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Democrat POTUS Hopefuls talk to American Expats Democrats Abroad recently reached out to the Democratic Presidential candidates on issues important to overseas US citizens. They asked for their positions on these issues. Here are the responses of the front-runners, Hillary Clinton and Bernie Sanders. FATCA: Would you support the FATCA “Same Country Safe Harbor” for Americans abroad, the regulatory reform that Democrats Abroad recommends for fixing FATCA’s problems but retaining its strength? Hillary Clinton: I’ve heard loudly and clearly about the burdens that FATCA and other reporting places on Americans living abroad. I understand that this is an extremely important issue – and is creating disruptions in the basic, day-to-day lives of everyday Americans living abroad. I’ve heard that it can be harder to open a bank account, harder to save for retirement, and harder to get a mortgage. I share these concerns – Americans living abroad shouldn’t face excessive burdens in their lives. I know that the vast majority of Americans living abroad are paying their fair share, and we should ease burdens on law abiding Americans living abroad while focusing on the real, true offenders. This is a complex area, and we need to make sure we don’t weaken enforcements against true tax cheats, while making sure we


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don’t create additional unnecessary burdens. I am committed to working with Americans living abroad and members of Congress to find the right solutions. Bernie Sanders: Yes. I support the “Same Country Safe Harbor” proposal and I commend Democrats Abroad for its leadership in working on this important initiative. In my view, banking and other financial services provided to overseas Americans should be treated as a local activity. We need to make it easier for law-abiding Americans living overseas to manage their personal finances and buy a house, while making it harder for tax cheats to hide their money in offshore tax havens to avoid paying their fair share in taxes. I look forward to working with you to turn these goals into action. The same country exception would ease the burden on overseas Americans - teachers, IT workers, researchers, small business owners, academics, aid workers and stay-at-home parents - and permit the US Treasury to focus on curbing tax avoidance by Americans living inside the United States who move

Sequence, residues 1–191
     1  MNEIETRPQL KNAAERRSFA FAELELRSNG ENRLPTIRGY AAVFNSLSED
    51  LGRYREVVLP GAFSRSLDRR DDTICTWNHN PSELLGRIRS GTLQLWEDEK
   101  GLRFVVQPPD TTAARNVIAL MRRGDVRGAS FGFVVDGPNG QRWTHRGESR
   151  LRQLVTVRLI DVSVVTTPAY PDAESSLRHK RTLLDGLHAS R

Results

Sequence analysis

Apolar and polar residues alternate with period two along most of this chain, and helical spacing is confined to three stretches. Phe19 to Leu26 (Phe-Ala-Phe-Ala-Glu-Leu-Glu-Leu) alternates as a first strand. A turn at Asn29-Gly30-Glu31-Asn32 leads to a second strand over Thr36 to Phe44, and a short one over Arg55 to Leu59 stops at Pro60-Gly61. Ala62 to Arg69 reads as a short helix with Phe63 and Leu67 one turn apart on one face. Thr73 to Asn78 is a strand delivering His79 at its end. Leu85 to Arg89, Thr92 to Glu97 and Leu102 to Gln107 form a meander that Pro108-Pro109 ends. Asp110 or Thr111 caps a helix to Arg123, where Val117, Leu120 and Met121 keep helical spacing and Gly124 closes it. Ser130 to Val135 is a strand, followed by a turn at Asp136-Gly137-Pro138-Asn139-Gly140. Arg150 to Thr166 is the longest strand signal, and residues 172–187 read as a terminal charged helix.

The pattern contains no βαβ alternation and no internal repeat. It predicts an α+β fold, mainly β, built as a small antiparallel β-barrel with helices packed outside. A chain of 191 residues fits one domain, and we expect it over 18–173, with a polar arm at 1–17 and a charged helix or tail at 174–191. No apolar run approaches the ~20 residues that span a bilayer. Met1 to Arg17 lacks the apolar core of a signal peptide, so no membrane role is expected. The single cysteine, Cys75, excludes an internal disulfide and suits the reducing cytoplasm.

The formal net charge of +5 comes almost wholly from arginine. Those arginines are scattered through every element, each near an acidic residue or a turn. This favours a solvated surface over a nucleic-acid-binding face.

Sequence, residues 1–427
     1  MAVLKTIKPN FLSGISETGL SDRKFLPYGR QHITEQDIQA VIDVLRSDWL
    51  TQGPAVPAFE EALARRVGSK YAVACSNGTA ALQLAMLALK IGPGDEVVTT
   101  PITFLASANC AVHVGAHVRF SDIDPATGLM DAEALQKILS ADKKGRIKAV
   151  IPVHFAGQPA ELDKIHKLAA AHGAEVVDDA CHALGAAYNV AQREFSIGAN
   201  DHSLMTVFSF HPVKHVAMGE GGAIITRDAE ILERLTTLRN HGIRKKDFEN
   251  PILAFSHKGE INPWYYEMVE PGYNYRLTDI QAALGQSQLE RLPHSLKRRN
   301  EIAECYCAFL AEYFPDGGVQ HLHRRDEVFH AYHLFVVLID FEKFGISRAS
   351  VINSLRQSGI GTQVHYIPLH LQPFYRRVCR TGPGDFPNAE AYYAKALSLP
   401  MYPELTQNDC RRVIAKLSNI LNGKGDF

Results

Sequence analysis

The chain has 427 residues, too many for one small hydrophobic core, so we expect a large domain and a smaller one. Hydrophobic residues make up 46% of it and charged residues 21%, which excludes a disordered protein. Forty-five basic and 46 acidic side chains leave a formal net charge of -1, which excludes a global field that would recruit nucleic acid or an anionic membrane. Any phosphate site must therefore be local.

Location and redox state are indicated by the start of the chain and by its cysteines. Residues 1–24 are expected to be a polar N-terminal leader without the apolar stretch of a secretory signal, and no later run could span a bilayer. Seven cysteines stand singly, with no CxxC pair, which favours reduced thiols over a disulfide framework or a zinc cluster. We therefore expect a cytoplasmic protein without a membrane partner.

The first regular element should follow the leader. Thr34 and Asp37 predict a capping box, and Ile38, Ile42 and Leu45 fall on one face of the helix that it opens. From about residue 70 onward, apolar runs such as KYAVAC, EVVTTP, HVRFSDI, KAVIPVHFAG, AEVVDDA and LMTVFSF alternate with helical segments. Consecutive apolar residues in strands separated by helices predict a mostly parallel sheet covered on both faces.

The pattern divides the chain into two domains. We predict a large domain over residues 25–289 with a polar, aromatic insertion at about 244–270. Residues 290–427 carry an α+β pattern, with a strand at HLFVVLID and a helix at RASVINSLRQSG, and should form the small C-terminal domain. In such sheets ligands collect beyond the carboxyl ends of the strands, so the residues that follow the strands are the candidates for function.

their money to offshore tax havens to avoid paying taxes. RBT: Would you support the replacement of the current system of taxing overseas Americans, known as citizenship-based taxation, with a system of residencebased taxation? Hillary Clinton: I know that most Americans living abroad are just trying to make a living and provide for their families. I believe that we need a broad discussion about reforming our tax code to cut taxes for hard-working, middle class American families living both here and abroad, and to ask the wealthiest Americans to pay their fair share. That means, among other things, closing loopholes that allow many hedge fund managers to pay a lower tax rate than nurses or teachers and supporting proposals like the Buffet Rule. But it also means closing loopholes that create incentives for corporations to ship jobs and profits overseas, and making sure that the wealthiest Americans can’t move overseas to avoid paying taxes. Americans, regardless of where they live, often benefit from

The American Magazine March-April 2016 Issue 750  

The leading cross-media publication for Americans in the UK - and anyone interested in American culture

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